Foodie Confidential

Loh Lik Peng looking to nurture young Singaporean chefs

Mr Loh enjoys Japanese food as he likes the freshness of the ingredients.
Mr Loh enjoys Japanese food as he likes the freshness of the ingredients.PHOTO: GIN TAY FOR THE SUNDAY TIMES

From beef and Guinness pie to nasi padang, restaurateur and hotelier Loh Lik Peng's choice of favourites is varied

With so many restaurants in his portfolio, it is not surprising that restaurateur and hotelier Loh Lik Peng receives many proposals from chefs wanting to open eateries with him.

These days, he is on the lookout for young Singaporean chefs.

The 43-year-old says he wants to nurture a new generation of chefs by giving them opportunities to make a name for themselves in the food scene through his restaurants.

Relying on foreign chefs working here to train young chefs to become world-class is not realistic either, as "most of them are more interested in their own careers".

Local chefs head some of his restaurants. They include chef Johnston Teo, 24, of Sorrel in Boon Tat Street and chef Anthony Yeoh, 34, of French restaurant Cocotte in Dickson Road, at Mr Loh's Wanderlust hotel.

He says: "If you don't try and nurture talents in Singapore, in 10 years' time, we are going to be in the same state as we are now, where the majority of chefs are imported, and that would be a shame."

His company, Unlisted Collection, owns 14 restaurants here, including 5th Quarter, a meat-centric restaurant, which will open later this month in Hotel Vagabond in Syed Alwi Road. Others include Ember in Keong Saik Road and Esquina in Jiak Chuan Road.

WHAT WOULD YOUR LAST MEAL BE?

Nasi padang with dishes such as sambal sotong, paru (cow lungs) and tempeh.

Mr Loh also has his hands full with the opening of The Old Clare Hotel in Sydney last week. This is the latest addition to the more than 20 restaurants and hotels that he owns here and in Sydney, Shanghai and London.

He says the workload in the past year has been heavier than usual.

"It is tough and I am getting a bit tired," he says. "I may take a bit of a breather next year, as it has been a strain to find time to spend with my young family."

The former corporate litigator has a three-year-old son, Conor, with his violinist wife Min Lee, 32.

Mr Loh was born in Dublin, where his doctor parents studied and practised medicine. He came back to Singapore as a toddler and returned to attend boarding school when he was 12.

On what drives him to open new restaurants and hotels year after year, Mr Loh, who is the middle of three children, says it is the restlessness that runs in the family. His paediatrician father and optometrist mother, both 73, still run clinics in East Coast Road.

What are your fondest childhood memories of food?

It was happy times when my family went to Siglap for breakfast on weekends. We would go to a coffee shop for kway chap and wonton noodles.

There was a nasi padang shop nearby and a barbershop, which I visited before going to breakfast.

Another memory is of my mother giving me an egg to take to the char kway teow stall next to my parents' clinic, and that was added into our order.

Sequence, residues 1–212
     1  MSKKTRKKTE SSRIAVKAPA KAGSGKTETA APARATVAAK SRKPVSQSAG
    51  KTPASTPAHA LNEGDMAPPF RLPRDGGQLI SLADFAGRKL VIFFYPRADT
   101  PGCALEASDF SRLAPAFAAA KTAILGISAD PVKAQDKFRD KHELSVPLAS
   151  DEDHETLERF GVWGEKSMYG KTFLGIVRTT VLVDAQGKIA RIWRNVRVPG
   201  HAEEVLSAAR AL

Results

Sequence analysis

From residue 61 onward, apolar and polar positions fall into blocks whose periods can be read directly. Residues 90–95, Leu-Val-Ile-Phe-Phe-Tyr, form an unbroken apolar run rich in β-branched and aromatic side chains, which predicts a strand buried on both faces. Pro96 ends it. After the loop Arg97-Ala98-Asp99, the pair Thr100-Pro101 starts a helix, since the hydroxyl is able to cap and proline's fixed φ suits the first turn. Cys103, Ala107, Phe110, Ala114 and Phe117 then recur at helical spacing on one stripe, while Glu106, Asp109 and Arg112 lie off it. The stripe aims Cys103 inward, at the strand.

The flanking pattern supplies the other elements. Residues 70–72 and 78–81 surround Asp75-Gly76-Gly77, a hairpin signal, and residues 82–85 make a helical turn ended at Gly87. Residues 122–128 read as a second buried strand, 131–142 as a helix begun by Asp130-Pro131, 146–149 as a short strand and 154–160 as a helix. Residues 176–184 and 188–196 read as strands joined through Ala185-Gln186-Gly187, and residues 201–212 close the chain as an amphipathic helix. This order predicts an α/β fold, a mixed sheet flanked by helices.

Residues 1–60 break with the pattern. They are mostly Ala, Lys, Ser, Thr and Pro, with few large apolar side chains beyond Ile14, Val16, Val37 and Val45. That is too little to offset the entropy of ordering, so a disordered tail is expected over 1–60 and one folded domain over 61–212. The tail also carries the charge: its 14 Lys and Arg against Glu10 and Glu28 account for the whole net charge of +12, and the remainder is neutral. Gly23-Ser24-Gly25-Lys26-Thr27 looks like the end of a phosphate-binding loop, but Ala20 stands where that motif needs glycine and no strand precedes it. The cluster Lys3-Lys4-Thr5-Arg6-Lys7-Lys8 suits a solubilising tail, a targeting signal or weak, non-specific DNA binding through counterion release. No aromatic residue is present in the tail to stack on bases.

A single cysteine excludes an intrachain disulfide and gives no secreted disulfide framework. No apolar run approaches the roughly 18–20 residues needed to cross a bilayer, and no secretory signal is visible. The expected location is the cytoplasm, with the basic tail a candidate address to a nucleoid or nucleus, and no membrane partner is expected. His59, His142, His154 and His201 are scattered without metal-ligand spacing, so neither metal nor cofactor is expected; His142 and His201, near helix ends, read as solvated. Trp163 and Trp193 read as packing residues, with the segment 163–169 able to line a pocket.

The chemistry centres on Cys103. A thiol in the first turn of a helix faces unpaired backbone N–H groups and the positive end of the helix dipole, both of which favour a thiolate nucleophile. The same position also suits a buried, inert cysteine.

Having spent your teenage years in Dublin, what Irish dishes do you like?

I love shepherd's pie, steak and kidney pie, beef and Guinness pie, and colcannon, a mashed potatoes and cabbage dish. I also like the seafood there, such as Dublin Bay prawns, langoustines and crabs.

What are your favourite Singapore dishes and where do you go to eat them?

I like chicken rice from Tian Tian Hainanese Chicken Rice in Maxwell Road Food Centre. I love their chilli, and the chicken is plump and juicy.

I like the char kway teow in Zion Riverside Food Centre as the one there is slightly wet and sweet, which reminds me of the version I had in my childhood. I also like the nasi padang from Yanti Nasi Padang Restaurant in Keong Saik Road.

What is another of your favourite cuisines?

Japanese. I like the freshness of the ingredients. Besides sushi and sashimi, I also enjoy grilled meats and yakitori. I go to Bincho (his restaurant at Moh Guan Terrace) at least once a week. I like the crunchy pork collar and donburi.

What is the most memorable meal you have had overseas?

It was in Faviken restaurant in Sweden, in the middle of a forest. The 12-seat restaurant serves interesting Scandinavian dishes with pickled vegetables and foraged ingredients.

It is an atmospheric dining experience, with cured meats being hung in a barn where diners eat. For a bone marrow dish, they sawed a cow's thigh in front of diners.

Which restaurants do you frequent with your family?

My family likes going to Imperial Treasure in Paragon and Crystal Jade in Great World City. They are very family-friendly. I go to these restaurants at least once or twice a week.

Do you cook?

No, I do not have the time to cook these days and neither does my wife. I used to cook claypot rice and chicken curry with packets of rempah brought from home when I lived in the United Kingdom.

A version of this article appeared in the print edition of The Sunday Times on September 13, 2015, with the headline 'Diverse palate '. Print Edition | Subscribe